CRISPR technology: what are the ethical concerns?
What is CRISPR?
CRISPR/Cas9 (clustered regularly interspaced short palindromic repeats) is a new technology that allows us to edit genes inside organisms. The technology in combination with the Cas9 protein has given the scientist a kind of precision never available before, to alter the genes of human beings.
CRISPR (pronounced like crisper) can be used on animals as well, but the accuracy is as high as the scientists can use it on human beings to make cuts in the gene. This has never been possible before.
Scientists can use the technology to cure a wide range of diseases relevant to DNA. It can provide revolutionary treatments for cancer, and also HIV disease.
How does CRISPR work?
In simple terms, CRISPR slices out parts of DNA and replaces it with a new, updated sequence of DNA. This allows modifying the mutant genes and curing the genetic diseases inherited from one generation to another.
The ethical concerns
The ethical concerns in the field of biotechnologies have been so controversial recently. Using gene editing on human beings and the related ethical outcomes have raised probably the biggest debate in this field of technology.
The most essential capability of gene editing technologies such as CRISPR is that they can be used to cure heartbreaking and debilitating diseases. As a matter of fact, gene editing can be used to cure any disease that can be inherited, such as Huntington’s disease or some forms of cancer. This advantage not only can save a myriad of lives, but it can also shrink down huge financial and emotional burden over the families coping with the disease.
Sadly today, the real truth is we do not know enough about gene therapy. To put it in other words, CRISPR can cure some diseases, but it may also lead to mutations that can be transmitted to others down the line.
Most gene-editing procedures occur in somatic cells, not on germline cells. Germline cells are egg and sperm cells, and the changes in them can be inherited by future generations. If CRISPR is used to edit embryos or egg and sperm cells, the future generations are going to be affected as well. This is the biggest ethical concern regarding gene editing. As a result, the entire human species can be born with signs of gene modification procedures.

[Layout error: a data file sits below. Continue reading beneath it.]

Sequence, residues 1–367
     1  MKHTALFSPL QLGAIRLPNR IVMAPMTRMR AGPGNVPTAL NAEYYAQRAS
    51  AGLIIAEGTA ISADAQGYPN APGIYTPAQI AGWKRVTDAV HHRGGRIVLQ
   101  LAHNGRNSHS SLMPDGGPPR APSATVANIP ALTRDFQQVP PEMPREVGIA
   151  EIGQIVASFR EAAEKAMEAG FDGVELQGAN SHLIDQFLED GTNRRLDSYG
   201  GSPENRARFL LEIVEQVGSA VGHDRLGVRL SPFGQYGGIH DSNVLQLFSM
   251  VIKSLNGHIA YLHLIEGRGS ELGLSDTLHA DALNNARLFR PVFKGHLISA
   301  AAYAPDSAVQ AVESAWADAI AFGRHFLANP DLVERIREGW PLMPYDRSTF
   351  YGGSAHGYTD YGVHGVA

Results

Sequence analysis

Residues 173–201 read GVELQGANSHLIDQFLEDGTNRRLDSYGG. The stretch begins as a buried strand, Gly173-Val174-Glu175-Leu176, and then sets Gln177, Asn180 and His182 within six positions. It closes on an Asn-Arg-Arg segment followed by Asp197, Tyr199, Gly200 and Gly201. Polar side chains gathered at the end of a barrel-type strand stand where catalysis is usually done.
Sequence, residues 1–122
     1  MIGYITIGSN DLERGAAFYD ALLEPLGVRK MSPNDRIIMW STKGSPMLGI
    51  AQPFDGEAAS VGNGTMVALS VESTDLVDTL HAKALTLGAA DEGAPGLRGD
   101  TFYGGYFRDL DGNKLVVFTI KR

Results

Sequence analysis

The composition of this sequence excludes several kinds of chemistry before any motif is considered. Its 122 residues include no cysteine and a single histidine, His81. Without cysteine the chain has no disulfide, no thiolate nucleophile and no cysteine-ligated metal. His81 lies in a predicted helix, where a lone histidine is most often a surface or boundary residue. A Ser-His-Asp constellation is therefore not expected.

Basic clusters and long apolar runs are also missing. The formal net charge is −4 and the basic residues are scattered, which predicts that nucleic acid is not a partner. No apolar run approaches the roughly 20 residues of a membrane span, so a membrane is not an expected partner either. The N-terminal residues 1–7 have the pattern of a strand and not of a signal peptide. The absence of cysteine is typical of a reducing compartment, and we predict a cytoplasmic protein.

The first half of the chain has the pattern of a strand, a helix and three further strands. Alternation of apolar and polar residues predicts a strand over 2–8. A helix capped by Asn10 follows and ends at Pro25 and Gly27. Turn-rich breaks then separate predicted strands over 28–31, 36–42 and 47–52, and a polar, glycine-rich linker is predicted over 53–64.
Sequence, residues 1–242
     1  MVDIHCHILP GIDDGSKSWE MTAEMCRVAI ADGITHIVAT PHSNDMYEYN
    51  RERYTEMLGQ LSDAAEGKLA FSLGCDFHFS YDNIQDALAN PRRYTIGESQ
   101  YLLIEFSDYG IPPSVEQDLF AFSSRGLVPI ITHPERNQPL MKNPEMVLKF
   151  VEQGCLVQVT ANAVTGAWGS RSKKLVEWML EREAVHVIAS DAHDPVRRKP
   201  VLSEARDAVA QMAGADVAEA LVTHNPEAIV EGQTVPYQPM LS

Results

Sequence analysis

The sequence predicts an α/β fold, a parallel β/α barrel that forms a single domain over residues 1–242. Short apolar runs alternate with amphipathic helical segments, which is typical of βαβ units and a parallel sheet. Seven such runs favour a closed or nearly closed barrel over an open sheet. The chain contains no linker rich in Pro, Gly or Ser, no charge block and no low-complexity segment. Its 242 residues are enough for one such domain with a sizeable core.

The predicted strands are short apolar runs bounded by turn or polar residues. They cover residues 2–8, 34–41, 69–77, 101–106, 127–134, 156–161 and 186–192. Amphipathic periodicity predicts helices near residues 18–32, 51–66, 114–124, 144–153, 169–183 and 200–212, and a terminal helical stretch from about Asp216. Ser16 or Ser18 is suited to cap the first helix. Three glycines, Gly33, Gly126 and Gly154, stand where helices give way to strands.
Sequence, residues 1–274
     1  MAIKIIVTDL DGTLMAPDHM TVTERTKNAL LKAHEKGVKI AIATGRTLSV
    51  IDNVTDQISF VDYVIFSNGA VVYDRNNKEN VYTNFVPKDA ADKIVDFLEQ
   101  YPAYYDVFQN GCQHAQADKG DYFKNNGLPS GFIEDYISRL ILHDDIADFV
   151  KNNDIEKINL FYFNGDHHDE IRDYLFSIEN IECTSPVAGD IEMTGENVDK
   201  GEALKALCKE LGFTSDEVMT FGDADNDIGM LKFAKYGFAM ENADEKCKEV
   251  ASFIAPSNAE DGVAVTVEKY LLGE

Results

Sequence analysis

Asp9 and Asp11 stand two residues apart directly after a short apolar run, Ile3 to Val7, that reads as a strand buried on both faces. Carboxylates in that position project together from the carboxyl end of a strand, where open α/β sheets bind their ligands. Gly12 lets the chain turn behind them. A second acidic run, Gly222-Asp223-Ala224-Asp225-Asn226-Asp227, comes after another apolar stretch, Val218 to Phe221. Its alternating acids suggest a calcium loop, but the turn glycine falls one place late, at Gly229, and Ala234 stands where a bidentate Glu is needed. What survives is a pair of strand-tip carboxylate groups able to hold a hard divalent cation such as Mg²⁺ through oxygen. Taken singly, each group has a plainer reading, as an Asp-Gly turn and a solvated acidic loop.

Another place where the puzzle further gets complicated is where to draw the line with gene editing. If the use of gene editing to cure diseases become commonplace, don’t we ultimately use it for aesthetic or non-illness purposes? Just think about it: parents will have the opportunity to choose the eye or hair color of their baby, or even more, how tall or strong he or she will be. In other words, it will be nothing strange to see “baby designers” around the world.
What happens if edits go in the wrong place? What if some cells carry the edit, but others do not? Researchers agree that until germline gene editing is safe, it should never be allowed in clinical intentions. The risk cannot be justified by the potential advantages.
Furthermore, there is much that still scientists do not know about CRISPR. For instance, some people’s immune system may react negatively to the technology.
Some people argue that it is impossible to define an official consent for germline therapy. That is because the edits are going to be transmitted to the embryo and future generations as well. On the other hand, the counterargument is that parents already make many changes to the future of their children too.
Justice and equality
This is true for many other technologies as well. There is concern that gene-editing technologies such as CRISPR will only be affordable for the rich. Consequently, this is going to be classy to show it off and be proud of your engineered genome very soon.
Religious and moral barriers
Many people with religious inclinations object to the use of human embryos for research. They view these edits as interference in God’s job. Although many scientific groups believe that gene editing in embryos is integral for a myriad of reasons, official funds cannot be allocated to research that creates or destroys embryos.
What will happen in the end?
There is no doubt that scientists in countries with lax bioethical standards will ultimately use CRISPR and similar technologies for different purposes. Bioethicists suggest that countries having more standard bioethical regulations take the lead to confine the use of CRISPR and define international regulations against unethical purposes regarding these technologies.
CRISPR/Cas9 technology has great potential to do good and harm simultaneously. In some ways, it raises the question about the very essence of being a human. We need to wait and see which side will dominate the other: the good side or the evil side.